My Dad brought me home the July, 1962 copy of Radio TV and Hobbies magazine. Inside was a technical dreamland of articles, one of which was “A Beginners One Transistor Radio” which, in the few seconds it took me to read the intro, took me from interested wonder to totally absorbed technical passion. That Saturday morning, armed with the list of required parts, my Dad and I ventured into the city. Walthams trading co. in Elizabeth street simply overwhelmed me. All that stuff! Racks and racks of radios, transmitters, power supplies, things you couldn’t name but which had knobs and dials and numbers. Our mission there was to buy a pair of disposals high impedance headphones which were duly purchased. They were of black bakelite with a single flat spring steel headband. We had to leave then for other stores, but I took with me the sights and smells of that unreachable pinnacle of radio junk land, and a sense that here I had found a kind of doorway into another realm. Next stop was Homecrafts in Lonsdale street. Through the shop, down the stairs and behold! Parts, multi-coloured and various dripped from the walls, lay in glass cabinets and counters, and everywhere was a feeling of bustling insight, as if I had fallen into the secret den of those few who knew and worked the mysteries.
My Dad engaged the attention of one of the counter salesman and I read out my list of parts to him. I didn’t need a gang, my Dad had already found me an old one out of a mantle radio, but they had everything else – except the .0015 capacitors. I was devastated, but kept this somewhat to myself. Naturally I had no idea that any other value would have done as well, nor did the man at the counter suggest any options.
So we came home, and I was determined to build the radio even if I had to leave gaps for the two capacitors I had not been able to get. I was too fired with enthusiasm to let this minor lack stop the ball rolling. I made a base board out of some old pine and a front panel of masonite was duly nailed on. Holes were drilled, tagstrips were screwed in place, the regen pot mounted and the gang was bolted to the front panel. I was ready.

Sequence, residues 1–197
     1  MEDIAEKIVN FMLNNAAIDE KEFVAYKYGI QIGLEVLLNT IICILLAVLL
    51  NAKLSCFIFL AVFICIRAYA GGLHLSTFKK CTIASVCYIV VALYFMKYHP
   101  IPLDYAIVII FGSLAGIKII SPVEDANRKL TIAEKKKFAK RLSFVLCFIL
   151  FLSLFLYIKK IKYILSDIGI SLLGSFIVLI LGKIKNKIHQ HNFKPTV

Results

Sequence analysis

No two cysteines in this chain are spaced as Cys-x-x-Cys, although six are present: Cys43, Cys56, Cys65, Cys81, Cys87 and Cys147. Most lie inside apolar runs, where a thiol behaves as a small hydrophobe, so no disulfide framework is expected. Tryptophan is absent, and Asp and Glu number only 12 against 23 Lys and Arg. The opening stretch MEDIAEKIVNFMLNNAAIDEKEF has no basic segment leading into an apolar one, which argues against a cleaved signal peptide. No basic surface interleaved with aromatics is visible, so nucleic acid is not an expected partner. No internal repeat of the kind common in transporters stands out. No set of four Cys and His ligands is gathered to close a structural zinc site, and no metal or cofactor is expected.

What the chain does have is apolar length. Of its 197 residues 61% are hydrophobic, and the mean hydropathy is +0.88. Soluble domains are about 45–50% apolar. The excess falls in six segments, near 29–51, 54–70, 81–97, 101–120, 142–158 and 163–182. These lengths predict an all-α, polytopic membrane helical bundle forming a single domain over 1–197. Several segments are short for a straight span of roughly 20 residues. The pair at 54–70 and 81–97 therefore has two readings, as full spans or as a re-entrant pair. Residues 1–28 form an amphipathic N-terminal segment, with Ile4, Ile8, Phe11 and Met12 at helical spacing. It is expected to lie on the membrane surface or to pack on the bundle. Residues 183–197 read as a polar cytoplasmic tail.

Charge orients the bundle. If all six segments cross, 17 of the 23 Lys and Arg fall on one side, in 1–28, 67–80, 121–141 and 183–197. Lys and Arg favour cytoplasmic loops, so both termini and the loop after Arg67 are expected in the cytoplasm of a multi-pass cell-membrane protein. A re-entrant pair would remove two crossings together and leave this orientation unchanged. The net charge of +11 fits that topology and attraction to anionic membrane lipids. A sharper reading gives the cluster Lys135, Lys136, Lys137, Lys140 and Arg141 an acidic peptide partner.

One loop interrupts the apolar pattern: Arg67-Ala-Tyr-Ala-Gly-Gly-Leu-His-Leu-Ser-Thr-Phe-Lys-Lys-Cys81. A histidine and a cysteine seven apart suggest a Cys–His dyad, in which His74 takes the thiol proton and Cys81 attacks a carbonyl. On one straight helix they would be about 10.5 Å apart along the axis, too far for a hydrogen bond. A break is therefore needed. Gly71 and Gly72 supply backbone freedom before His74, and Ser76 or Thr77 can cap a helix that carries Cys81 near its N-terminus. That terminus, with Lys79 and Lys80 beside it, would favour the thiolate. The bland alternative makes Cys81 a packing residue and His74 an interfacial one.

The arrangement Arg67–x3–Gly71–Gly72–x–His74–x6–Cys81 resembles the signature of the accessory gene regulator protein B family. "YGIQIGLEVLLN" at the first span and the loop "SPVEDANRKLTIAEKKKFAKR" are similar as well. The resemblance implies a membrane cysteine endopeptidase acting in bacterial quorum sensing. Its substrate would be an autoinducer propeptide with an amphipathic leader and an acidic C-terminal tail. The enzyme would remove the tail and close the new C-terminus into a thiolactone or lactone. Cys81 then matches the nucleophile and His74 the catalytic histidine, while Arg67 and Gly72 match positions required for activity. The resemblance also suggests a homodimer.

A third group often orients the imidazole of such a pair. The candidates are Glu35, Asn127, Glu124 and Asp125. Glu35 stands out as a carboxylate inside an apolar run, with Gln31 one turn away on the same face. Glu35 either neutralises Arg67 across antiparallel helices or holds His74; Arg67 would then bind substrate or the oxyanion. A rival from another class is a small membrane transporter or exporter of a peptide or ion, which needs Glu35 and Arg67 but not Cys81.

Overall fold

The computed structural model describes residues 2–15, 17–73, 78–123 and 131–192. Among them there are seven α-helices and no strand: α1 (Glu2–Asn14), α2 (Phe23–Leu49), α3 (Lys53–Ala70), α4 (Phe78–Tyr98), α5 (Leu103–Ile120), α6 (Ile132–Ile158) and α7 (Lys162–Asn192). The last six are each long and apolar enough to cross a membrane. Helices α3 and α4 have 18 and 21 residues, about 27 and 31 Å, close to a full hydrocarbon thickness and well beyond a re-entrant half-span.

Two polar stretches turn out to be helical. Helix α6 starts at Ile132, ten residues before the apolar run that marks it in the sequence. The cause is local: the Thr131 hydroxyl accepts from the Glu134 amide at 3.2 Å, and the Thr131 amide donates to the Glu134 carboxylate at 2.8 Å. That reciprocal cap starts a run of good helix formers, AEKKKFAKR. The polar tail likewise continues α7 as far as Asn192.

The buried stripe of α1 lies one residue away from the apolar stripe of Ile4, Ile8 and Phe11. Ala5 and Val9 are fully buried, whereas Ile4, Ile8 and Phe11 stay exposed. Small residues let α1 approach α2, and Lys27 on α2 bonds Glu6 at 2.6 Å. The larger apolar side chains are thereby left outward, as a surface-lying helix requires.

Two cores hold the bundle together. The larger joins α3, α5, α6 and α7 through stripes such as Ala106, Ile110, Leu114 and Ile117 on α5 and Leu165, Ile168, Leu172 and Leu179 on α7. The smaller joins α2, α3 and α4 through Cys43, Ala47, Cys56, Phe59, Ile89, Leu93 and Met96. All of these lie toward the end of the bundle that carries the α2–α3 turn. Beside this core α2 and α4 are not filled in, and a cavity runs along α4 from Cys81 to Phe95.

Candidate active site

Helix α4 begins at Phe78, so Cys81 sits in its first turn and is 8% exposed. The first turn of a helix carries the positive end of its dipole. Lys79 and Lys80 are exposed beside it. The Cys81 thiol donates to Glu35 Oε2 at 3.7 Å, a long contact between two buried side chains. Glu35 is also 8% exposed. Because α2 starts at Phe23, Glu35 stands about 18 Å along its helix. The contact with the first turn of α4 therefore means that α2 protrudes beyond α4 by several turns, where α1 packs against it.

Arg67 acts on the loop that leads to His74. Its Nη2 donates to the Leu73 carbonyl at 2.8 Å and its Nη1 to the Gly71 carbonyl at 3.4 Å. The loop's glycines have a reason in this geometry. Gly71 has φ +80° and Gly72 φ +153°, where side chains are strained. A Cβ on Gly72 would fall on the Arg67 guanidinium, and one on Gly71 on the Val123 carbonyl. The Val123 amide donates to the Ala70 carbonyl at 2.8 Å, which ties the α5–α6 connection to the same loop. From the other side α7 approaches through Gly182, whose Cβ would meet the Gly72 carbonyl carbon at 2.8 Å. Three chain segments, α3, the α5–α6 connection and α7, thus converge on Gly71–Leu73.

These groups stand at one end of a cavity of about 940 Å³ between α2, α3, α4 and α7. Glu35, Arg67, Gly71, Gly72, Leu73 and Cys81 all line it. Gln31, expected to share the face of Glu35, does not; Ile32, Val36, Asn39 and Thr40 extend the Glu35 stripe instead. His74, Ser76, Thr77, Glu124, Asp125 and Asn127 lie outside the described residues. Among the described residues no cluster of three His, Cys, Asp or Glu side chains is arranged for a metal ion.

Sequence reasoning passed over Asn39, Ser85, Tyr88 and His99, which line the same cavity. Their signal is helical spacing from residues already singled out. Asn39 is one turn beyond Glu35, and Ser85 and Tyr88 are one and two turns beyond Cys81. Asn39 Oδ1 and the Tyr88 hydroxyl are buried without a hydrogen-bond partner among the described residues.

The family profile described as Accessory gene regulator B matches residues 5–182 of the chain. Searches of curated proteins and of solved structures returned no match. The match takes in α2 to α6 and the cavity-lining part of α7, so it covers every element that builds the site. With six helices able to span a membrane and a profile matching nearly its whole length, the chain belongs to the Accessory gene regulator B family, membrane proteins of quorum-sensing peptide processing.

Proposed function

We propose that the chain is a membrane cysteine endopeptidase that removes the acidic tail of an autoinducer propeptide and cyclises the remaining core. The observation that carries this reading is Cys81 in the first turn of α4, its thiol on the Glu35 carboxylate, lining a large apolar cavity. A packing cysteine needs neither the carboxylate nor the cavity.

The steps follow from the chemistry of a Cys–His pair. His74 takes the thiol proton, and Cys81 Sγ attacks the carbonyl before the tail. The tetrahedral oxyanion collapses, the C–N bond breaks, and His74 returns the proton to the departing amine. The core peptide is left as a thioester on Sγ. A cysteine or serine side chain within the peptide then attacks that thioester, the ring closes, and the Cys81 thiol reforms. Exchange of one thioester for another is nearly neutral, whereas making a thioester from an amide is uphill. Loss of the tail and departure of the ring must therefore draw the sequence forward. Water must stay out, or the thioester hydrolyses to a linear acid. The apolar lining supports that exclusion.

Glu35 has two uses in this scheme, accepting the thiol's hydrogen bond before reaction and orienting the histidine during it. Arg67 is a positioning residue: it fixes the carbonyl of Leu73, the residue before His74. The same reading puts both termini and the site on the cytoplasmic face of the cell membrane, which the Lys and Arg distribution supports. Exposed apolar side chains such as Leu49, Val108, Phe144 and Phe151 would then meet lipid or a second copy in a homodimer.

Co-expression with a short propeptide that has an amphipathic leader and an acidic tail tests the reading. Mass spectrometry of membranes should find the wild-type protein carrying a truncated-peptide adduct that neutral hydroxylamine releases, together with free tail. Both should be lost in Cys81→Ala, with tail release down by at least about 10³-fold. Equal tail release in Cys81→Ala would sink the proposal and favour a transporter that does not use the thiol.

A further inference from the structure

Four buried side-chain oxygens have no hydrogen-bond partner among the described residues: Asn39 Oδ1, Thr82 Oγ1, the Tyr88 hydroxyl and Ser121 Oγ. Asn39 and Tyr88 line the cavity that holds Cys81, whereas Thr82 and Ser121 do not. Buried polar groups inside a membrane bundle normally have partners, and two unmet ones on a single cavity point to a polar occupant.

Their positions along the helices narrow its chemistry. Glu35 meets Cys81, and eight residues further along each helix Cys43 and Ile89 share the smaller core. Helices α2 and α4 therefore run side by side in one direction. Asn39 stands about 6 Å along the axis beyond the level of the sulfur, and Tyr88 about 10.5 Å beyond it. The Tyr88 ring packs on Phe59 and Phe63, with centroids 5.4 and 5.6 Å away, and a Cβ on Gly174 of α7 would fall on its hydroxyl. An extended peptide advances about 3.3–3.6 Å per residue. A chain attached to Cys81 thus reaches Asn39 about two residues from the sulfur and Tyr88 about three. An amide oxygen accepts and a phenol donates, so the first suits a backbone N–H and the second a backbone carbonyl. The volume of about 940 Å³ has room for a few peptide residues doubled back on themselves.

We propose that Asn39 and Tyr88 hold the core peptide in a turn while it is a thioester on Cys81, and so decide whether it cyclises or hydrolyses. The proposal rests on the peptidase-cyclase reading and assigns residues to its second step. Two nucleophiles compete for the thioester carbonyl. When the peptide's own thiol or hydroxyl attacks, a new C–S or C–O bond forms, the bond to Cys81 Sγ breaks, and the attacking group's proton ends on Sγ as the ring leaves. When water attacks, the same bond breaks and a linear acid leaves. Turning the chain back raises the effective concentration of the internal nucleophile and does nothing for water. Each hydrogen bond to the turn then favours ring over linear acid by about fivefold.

My dad had lots of soldering irons, even a very small one which had a head about ½ an inch square and a neat point. So it was on to the gas on the kitchen stove while I busied myself with putting these strange, newly discovered components into place on the tagstrips according to the wiring diagram in the magazine. I learned colour code that afternoon. I learned capacitor values, I learned how to solder wires with a gas iron and flux and a 50/50 bar of solder. I made the coil as suggested, using a toilet roll and matches to hold the tapped turns out from the former. The wire was very thin, as it came from an old magnet my Dad had brought home. But I dealt with it, carefully scraping the insulation from the part held between the matches.
Looking back, I guess the wire up was fairly messy, but it was good enough for me and when it was done, the real disappointment of the missing capacitors began to set in. But my natural exploratory nature took over and I got my battery – an old 6V lantern battery which I had been playing around with for a long time – and wired up the power leads to the fahnstock clips on top of it. What were capacitors anyway, I wondered? Signals went through them, that was clear enough from the text in the magazine. But what else? I hadn’t reached the concept of DC blocking at that time, so without any other consideration I decided that if signals went through capacitors then it only followed that they had a lot in common with a piece of wire. Simple. Without further ado I connected the base of the transistor to the next terminal on the tagstrip which was the top of the tuned circuit. Then I connected up my big antenna. Noise, music, voices! My joy was complete. I tuned the gang and broadly resolved some of the voices and music into separate stations. I turned the regeneration pot, but it didn’t seem to do anything. That didn’t matter at all. I fiddled with the alligator clips on the coil taps, changing them about until I found I could resolve about four major broadcast stations with a sweep of the gang. Bliss! I then decided to place another wire across the point where the other cap was supposed to be. Disaster! A loud click from the headphones and silence. I quickly removed I the short circuit and all was back to normal. I didn’t question my actions – clearly capacitors in some instances could be eliminated! I ran outside to where my dad was working in the garden and told him how I had made the radio work without the missing capacitors. He smiled in amazement and it was obvious how much he shared my joy. Running back inside, I spent the whole afternoon and evening tuning, adjusting and listening. It was like having my own personal window into a world I could only previously access through the mundane proxy of the household radio; something made by someone else and whose inner workings I could never be privy to. But this, this was the most empowering, the most uplifting insight into a world of new possibilities I could then only scarcely image. Another doorway had opened upon the vast “otherworld” that radio communication was becoming for me.